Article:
Lidar sensors, which generate detailed three-dimensional representations of the environment surrounding the car, are one thing that will possibly aid in both of these instances. In all the cases so far, a rotating lidar sensor on the roof of a Tesla would have sensed that there were people or big items awkwardly near the car. Elon Musk, though, has resisted lidar as a crutch, and, at least in the next few years, the sensors are potentially too pricey for use in customer-owned vehicles.

When they enter parking lots, motorists obey a variety of rules. They seek not to pass through parking spaces and to stay in traffic lanes. When two vehicles have a traffic lane that is wide enough, they stay on the right-hand side. They perceive the row as a one-way street if parking spaces are all positioned in the same direction. Human drivers wait for stop signs and when they leave a series of parking spaces, they give right-of-way to oncoming vehicles.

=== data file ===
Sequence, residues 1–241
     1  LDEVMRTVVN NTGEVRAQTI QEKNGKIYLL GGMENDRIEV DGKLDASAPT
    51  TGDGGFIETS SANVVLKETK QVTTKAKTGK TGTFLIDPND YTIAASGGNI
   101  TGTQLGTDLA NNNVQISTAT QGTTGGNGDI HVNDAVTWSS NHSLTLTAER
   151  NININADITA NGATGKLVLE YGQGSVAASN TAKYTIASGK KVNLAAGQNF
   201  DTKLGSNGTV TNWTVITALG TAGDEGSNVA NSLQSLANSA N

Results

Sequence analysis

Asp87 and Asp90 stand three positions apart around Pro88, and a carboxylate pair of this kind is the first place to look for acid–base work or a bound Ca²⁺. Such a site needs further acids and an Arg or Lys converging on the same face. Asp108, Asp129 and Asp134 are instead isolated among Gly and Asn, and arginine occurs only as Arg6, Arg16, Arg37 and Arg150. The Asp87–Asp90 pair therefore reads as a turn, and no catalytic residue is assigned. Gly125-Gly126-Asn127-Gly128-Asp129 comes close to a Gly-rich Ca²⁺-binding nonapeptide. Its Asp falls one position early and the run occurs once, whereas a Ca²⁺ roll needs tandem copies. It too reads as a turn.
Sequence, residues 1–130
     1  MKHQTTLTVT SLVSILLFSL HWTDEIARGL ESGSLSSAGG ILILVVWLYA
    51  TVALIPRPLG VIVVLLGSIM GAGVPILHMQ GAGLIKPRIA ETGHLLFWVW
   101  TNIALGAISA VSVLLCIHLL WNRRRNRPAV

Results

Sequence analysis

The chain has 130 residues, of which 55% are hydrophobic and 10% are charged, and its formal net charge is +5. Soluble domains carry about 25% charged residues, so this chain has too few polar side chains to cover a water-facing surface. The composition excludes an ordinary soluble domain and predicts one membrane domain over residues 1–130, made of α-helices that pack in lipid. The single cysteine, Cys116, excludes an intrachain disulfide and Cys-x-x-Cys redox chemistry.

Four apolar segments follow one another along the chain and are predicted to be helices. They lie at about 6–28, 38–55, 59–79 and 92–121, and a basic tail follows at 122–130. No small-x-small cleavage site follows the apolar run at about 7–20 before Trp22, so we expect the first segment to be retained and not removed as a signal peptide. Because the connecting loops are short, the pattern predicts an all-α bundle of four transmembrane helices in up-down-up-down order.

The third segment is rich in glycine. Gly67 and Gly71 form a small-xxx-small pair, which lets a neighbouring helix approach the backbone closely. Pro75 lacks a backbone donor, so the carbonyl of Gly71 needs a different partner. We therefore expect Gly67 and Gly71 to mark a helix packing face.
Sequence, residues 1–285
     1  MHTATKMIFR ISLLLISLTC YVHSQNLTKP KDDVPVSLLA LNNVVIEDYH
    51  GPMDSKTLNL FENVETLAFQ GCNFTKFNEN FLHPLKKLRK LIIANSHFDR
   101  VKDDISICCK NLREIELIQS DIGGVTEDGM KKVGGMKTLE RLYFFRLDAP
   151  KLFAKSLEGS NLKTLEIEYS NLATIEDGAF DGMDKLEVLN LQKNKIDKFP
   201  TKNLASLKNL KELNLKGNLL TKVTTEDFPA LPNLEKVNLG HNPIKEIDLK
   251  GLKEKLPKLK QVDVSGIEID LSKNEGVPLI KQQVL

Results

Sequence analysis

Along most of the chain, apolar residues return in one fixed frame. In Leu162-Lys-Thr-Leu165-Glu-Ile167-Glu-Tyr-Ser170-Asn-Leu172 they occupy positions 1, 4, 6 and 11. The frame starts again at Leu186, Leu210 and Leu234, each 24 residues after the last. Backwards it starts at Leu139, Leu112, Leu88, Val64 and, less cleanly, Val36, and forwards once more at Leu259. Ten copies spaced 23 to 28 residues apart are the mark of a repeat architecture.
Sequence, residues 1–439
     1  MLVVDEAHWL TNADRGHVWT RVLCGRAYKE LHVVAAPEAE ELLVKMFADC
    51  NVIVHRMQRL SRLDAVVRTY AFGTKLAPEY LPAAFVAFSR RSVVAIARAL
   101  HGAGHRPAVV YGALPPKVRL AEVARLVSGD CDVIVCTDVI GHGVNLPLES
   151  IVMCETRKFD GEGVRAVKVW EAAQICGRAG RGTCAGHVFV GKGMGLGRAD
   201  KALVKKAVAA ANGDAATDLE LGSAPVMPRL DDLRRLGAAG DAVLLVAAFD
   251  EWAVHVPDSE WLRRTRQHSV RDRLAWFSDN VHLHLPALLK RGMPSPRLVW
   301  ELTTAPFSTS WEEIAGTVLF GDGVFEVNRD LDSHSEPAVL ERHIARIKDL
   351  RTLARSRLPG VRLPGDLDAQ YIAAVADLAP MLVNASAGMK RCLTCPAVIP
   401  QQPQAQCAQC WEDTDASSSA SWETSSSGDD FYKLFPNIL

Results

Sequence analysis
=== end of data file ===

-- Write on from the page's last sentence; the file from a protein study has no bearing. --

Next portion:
The weak perception of the physical world by Smart Summon is not a major concern in parking lots, so if and when Tesla starts attempting to work on public streets, it would be a larger factor. On a highway, reckless driving activity that is clearly irritating in a parking lot can be fatal. Keeping in the right lane is key to preventing accidents, and on streets with four or more lanes and without simple lane markers, human drivers frequently have to do this. If there is some hint of the videos people have uploaded, Tesla’s tech is nowhere near being prepared for that.

Tesla Smart Summon Seems To Be Safe In The Majority of Cases

Smart Summon definitely has drawbacks (and I’ll talk about them in detail), but it’s essential to first agree that in the overwhelming bulk of the more than 100 Smart Summon videos I watched, the system succeeded. Without incident, I saw an overwhelming majority of people effectively summon their cars from around parking lots.